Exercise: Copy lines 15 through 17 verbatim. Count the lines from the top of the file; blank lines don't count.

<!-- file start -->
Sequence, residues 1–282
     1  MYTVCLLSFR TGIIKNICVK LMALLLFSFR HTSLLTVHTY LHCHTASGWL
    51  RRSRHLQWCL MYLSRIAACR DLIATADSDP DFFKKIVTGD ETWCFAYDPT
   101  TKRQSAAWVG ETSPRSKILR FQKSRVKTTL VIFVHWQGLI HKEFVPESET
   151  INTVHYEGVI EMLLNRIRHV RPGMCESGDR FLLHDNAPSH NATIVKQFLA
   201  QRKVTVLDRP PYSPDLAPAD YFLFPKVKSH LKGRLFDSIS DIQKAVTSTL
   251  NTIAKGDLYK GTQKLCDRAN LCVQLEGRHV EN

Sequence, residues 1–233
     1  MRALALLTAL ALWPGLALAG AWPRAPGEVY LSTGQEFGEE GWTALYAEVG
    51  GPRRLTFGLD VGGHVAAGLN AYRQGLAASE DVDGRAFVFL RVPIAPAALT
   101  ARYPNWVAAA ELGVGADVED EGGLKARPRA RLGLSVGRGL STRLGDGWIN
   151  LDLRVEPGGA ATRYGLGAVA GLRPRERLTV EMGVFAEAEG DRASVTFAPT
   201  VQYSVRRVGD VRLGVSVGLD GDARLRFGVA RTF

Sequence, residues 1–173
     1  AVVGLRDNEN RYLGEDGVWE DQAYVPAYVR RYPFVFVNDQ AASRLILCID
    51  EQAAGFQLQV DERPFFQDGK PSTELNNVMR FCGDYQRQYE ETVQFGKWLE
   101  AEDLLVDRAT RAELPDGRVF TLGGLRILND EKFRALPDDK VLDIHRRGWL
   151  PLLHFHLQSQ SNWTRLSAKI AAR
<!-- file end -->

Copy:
     1  AVVGLRDNEN RYLGEDGVWE DQAYVPAYVR RYPFVFVNDQ AASRLILCID
    51  EQAAGFQLQV DERPFFQDGK PSTELNNVMR FCGDYQRQYE ETVQFGKWLE
   101  AEDLLVDRAT RAELPDGRVF TLGGLRILND EKFRALPDDK VLDIHRRGWL